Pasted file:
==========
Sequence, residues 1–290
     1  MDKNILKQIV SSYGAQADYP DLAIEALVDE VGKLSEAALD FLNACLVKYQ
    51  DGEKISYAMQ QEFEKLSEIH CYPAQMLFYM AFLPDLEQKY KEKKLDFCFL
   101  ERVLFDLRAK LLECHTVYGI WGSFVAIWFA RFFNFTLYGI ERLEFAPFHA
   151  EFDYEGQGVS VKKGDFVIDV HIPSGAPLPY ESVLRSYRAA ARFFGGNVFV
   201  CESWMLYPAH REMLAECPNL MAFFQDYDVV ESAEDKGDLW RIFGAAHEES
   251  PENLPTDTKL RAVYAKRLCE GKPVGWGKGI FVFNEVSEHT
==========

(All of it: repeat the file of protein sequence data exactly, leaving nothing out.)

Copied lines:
Sequence, residues 1–290
     1  MDKNILKQIV SSYGAQADYP DLAIEALVDE VGKLSEAALD FLNACLVKYQ
    51  DGEKISYAMQ QEFEKLSEIH CYPAQMLFYM AFLPDLEQKY KEKKLDFCFL
   101  ERVLFDLRAK LLECHTVYGI WGSFVAIWFA RFFNFTLYGI ERLEFAPFHA
   151  EFDYEGQGVS VKKGDFVIDV HIPSGAPLPY ESVLRSYRAA ARFFGGNVFV
   201  CESWMLYPAH REMLAECPNL MAFFQDYDVV ESAEDKGDLW RIFGAAHEES
   251  PENLPTDTKL RAVYAKRLCE GKPVGWGKGI FVFNEVSEHT